The exclusion language upon which State Farm relies conflicts with the definition of an uninsured motor vehicle. Under the Simon analysis, the conflicting exclusion must fall. "The objectively reasonable expectations of applicants and intended beneficiaries regarding the terms of insurance contracts will be honored even though *168 painstaking study of the policy provisions would have negated those expectations." Robert E. Keeton, Insurance LawBasic Text § 6.3(a) at 351 (1971). See also 2 Irvin E. Schermer, Automobile Liability Insurance § 25.02[2][a] (1992). Cf. Davis v. M.L.G. Corp., 712 P.2d 985 (Colo.1986) (in automobile leasing case, we recognized principle of reasonable expectations as expressed in insurance cases). Nissen had a reasonable expectation based on the coverage language of the insurance contract, despite the conflicting exclusion language, that her injuries due to the negligence of an uninsured person would be covered.

Our construction of the contract is supported by the legislative intent underlying the uninsured motorist statute.[1] We have recognized that the legislative intent behind the statute is to compensate innocent insureds for loss caused by financially irresponsible motorists. Terranova v. State Farm Mut. Auto. Ins. Co., 800 P.2d 58, 61 (Colo.1990) (citing Kral v. American Hardware Mut. Ins. Co., 784 P.2d 759, 765 (Colo.1989)). The statute is meant to provide compensation for injury caused by an uninsured motorist equal to that obtainable for injury caused by an insured motorist. Terranova, 800 P.2d at 61 (citing Alliance Mut. Casualty Co. v. Duerson, 184 Colo. 117, 124, 518 P.2d 1177, 1181 (1974)). Nissen is clearly within the class of persons that the statute intended to protect. She opted to purchase uninsured motorist coverage, and she was injured by an uninsured motorist driving a car which became uninsured at the time of the accident because of State Farm's denial of liability coverage. Recovery cannot be denied simply because the legislature did not address this particular fact situation. To hold to the contrary and deny uninsured motorist coverage would make Nissen's insurance policy illusory. She would have paid her premiums and received no coverage.

The rule of law that we set forth here is supported by the majority of other jurisdictions confronted with situations like that in the present casethat of the insured being injured by an uninsured stealing the insured's own car. See, e.g., Comet Casualty Co. v. Jackson, 125 Ill.App.3d 921, 81 Ill.Dec. 569, 467 N.E.2d 269 (1 Dist.1984) (man struck by own car as he attempted to stop theft allowed to recover uninsured motorist payments); Guiberson v. Hartford Casualty Ins. Co., 217 Mont. 279, 704 P.2d 68 (1985) (plaintiff who was injured when he jumped onto bed of employer's truck to prevent theft allowed to recover damages under uninsured motorist coverage); Carmichael v. Government Employees Ins. Co., 54 A.D.2d 140, 388 N.Y.S.2d 354 (1976) (woman allowed to recover damages under uninsured motorist coverage after injured by own car when unknown person started it rolling).[2]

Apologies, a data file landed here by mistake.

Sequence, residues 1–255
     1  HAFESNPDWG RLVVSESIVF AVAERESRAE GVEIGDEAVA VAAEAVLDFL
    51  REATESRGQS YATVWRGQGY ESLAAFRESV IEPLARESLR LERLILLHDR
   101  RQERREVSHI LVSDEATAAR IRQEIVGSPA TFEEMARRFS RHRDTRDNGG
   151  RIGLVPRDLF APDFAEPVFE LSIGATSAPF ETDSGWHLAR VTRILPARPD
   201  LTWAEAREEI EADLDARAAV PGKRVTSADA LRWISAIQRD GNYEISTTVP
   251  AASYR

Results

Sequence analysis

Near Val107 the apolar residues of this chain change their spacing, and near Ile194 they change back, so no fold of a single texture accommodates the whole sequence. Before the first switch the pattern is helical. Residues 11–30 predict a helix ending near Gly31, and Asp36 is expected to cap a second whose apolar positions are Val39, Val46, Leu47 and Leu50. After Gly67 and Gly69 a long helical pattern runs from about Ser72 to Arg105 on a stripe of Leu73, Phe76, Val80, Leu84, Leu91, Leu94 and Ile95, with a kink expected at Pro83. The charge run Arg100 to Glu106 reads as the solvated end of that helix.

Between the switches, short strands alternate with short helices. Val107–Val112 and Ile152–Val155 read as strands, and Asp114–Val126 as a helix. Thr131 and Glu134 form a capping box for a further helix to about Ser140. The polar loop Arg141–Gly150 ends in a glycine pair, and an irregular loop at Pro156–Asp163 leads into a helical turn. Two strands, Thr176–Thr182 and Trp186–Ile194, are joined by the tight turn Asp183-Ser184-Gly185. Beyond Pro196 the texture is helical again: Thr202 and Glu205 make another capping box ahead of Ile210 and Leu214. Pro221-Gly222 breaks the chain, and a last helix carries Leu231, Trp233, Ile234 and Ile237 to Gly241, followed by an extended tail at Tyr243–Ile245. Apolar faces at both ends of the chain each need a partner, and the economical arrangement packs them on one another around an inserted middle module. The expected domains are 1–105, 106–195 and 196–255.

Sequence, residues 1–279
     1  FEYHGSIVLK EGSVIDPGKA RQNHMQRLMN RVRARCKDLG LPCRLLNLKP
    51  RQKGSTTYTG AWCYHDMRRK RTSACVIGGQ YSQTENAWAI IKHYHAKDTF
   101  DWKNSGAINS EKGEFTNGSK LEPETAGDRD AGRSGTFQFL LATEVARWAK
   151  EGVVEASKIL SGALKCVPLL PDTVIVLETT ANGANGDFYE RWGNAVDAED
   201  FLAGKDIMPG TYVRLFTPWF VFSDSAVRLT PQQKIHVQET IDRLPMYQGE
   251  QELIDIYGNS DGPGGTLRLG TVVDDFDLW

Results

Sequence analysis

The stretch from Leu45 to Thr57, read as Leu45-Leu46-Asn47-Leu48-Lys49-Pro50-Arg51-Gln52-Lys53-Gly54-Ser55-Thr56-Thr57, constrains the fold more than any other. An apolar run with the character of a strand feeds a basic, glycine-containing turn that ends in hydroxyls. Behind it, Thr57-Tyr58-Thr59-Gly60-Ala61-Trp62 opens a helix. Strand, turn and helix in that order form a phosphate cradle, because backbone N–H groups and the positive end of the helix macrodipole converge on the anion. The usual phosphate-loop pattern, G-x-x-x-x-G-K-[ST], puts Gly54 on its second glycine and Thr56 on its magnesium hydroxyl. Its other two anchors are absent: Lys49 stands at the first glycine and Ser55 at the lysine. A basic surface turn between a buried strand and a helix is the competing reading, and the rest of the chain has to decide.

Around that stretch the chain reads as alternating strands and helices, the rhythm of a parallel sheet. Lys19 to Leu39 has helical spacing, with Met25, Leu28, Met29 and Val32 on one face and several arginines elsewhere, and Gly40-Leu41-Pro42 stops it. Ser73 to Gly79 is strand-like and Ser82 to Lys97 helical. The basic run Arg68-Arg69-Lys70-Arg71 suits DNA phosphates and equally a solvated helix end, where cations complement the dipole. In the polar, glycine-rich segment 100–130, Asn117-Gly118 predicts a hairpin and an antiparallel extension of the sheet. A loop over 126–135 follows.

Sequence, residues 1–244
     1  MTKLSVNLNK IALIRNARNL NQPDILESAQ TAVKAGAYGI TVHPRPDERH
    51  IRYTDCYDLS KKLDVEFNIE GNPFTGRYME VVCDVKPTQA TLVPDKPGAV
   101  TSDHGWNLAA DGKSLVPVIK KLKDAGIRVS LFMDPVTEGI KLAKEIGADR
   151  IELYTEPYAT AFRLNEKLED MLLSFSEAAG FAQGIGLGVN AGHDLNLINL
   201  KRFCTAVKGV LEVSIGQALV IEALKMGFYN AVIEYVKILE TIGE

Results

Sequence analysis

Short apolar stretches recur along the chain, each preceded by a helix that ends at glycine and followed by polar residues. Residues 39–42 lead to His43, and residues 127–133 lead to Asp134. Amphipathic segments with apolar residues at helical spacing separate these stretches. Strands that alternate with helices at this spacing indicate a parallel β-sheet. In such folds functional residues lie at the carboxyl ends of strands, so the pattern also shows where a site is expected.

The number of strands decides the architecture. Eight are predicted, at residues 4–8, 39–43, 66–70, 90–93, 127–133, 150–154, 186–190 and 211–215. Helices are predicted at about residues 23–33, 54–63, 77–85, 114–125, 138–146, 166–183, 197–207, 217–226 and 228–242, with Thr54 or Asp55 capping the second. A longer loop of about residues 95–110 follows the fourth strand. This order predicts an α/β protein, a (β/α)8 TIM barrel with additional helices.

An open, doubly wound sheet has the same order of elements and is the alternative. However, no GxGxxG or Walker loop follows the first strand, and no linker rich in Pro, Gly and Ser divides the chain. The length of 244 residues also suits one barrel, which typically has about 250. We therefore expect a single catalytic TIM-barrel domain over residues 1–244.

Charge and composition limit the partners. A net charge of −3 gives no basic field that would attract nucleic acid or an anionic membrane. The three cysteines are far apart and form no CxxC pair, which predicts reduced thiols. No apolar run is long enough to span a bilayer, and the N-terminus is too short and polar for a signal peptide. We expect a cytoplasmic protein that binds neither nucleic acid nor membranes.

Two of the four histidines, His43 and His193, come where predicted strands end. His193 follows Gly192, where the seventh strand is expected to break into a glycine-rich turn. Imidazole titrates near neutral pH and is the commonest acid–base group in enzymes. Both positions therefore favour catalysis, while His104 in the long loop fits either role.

Contrary to State Farm's assertion, we do not find Terranova to be controlling. Although we stated in that case that "the exclusion of a vehicle insured under the liability terms of a policy from uninsured motor vehicle coverage does not violate the legislative purposes and the public policy underlying section 10-4-609...." Terranova, 800 P.2d at 62, the present situation is factually distinguishable from Terranova *169 and the language is thereby inapplicable.

In Terranova, the petitioners received $25,000, the liability coverage limit under the policy, from State Farm. Contending that their economic losses exceeded $100,000, the petitioners sought to recover an additional $75,000the difference between the uninsured motorist limit of $100,000 and the liability coverage receivedunder the policy's uninsured motorist coverage. In reality, the petitioners were attempting to extend the liability portion of their coverage beyond the policy limits. This court found under those circumstances that the insured vehicle exclusion was valid, because otherwise "the insured would recover uninsured motorist coverage for a risk that was excluded by the policy, and which was not paid for by the insured and not contemplated by Colorado's uninsured motorist legislation." (Emphasis added) (citing Millers Casualty Ins. Co. v. Briggs, 100 Wash. 2d 1, 665 P.2d 891, 895 (1983)). For the petitioners to have prevailed in Terranova, the vehicle in question would have had to have been both "insured" and "uninsured" at the time of the accident.